On Recording Albums Prematurely
by Noctir (Nov. 2011)
In the modern era, it is quite common for bands to rush themselves and
skip over critical parts of their natural development. While, in the past, musicians would rehearse a lot, record demos, play
gigs and hone their skills throughout this process. Not only would they become more proficient with their instruments, but
their songwriting would get stronger as well. It is no coincidence that, long ago, most bands put out their best material
early on. Part of the reason for that is that they had a lot of time to work on their initial releases, crafting the songs
to better suit their vision and being ready by the time they were able to record their debut album. Unfortunately, this is
no longer how things are done, much of the time.
Rehearsing and recording demos seems to be a lost art, presently.
A lot of times, a group of people come together and go straight for making a full-length album. They do not bother to rehearse
much, rather they begin the songwriting process before they are even sure of what direction they want to go in. Playing gigs
is something that many are unfamiliar with, and perhaps even impossible since so many 'bands' are simply solo projects of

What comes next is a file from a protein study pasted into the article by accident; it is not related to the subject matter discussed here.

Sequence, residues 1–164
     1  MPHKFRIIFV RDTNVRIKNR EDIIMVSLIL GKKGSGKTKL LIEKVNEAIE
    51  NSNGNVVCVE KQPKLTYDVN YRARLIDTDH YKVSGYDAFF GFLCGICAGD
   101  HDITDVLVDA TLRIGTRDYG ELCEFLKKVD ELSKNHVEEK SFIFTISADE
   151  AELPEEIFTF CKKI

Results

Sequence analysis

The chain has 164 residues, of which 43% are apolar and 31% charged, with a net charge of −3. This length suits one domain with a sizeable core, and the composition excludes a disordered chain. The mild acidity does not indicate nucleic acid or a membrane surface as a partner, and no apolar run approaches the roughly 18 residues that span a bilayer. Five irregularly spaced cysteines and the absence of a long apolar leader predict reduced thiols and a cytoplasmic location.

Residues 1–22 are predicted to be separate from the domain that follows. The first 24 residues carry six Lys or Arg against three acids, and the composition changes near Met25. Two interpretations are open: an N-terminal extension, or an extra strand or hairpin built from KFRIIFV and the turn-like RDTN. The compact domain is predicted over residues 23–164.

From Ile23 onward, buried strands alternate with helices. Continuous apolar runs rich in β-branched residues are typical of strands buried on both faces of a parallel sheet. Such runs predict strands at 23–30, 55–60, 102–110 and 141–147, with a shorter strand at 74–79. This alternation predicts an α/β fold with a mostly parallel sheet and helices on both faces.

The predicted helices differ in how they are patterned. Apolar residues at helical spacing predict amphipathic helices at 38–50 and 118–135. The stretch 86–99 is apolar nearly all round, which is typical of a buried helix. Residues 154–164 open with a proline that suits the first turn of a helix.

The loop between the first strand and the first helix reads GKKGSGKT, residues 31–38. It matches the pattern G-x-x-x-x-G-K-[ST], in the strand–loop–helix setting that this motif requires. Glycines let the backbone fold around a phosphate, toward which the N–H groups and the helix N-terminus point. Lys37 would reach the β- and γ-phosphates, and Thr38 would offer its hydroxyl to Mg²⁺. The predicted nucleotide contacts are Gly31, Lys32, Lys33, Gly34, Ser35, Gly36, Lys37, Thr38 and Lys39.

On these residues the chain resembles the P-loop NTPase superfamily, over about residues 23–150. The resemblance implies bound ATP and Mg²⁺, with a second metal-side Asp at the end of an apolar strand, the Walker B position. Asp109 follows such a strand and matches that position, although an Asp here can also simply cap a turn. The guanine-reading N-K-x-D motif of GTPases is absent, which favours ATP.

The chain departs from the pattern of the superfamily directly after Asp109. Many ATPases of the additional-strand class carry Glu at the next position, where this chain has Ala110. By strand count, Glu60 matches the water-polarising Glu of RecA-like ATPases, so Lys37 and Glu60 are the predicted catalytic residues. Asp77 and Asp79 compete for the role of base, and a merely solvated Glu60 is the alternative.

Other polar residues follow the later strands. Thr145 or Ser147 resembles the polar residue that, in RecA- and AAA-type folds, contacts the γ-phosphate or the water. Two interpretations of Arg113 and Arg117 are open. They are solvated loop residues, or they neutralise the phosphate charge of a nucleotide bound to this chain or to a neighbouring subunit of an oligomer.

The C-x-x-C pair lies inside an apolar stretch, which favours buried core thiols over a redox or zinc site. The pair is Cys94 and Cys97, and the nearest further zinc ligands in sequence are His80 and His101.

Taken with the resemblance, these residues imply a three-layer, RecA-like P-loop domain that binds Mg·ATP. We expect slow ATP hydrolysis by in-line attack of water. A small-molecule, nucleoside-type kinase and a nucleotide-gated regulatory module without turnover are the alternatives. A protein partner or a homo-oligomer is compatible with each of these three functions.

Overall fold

some guy working out of his mother's bedroom. As soon as these projects have produced a handful of songs, whether they are
good or not, everyone rushes off to the studio –in other words, back to the bedroom-- to record the music with great
haste. Songs are then uploaded online before the band even has a chance to think twice about what they have created, and they
simply focus on making their second album. After a handful of atrocious releases, they may finally develop as musicians and
learn how to make decent tunes. That is why so many bands do not sound worthwhile until their third of fourth record, since
they skipped the previous stages and marched forward, unprepared. This has a few detrimental effects.
Think of the
impression that the band makes. Instead of being truly ready and putting their best foot forward, they burst onto the scene
with horrible music and lose all credibility right out of the gate. Even if the band, eventually, manages to improve it will
not matter since most will have written them off. Imagine if Metallica had released an early garage demo as a full-length
album. No one would have paid them any attention by the time they finally mastered their instruments and found their style.
Hetfield's vocals, for one, would have been enough to turn a lot of people away. It took a couple years of playing and getting
comfortable before the band found their own identity. Once they released Kill 'Em All, they had a strong following and made
a great impact by offering up an excellent record that had been worked on for a long time. The do-it-yourself ethic of making
and releasing your own music is fine and prevents bands from having to be slaves of the music industry, yet those years toiling
away in obscurity while trying to secure a recording contract often worked to the benefit of many bands. Things have gotten
too easy and too few see the logic of actually learning how to play, developing an identity and writing high-quality songs
before presenting your work to the public. Just because you can form a band and release an album one week later does not mean
that it is a good idea. There is no reason to rush things, making your band look like amateurs and flooding the scene with
awful music, at the same time.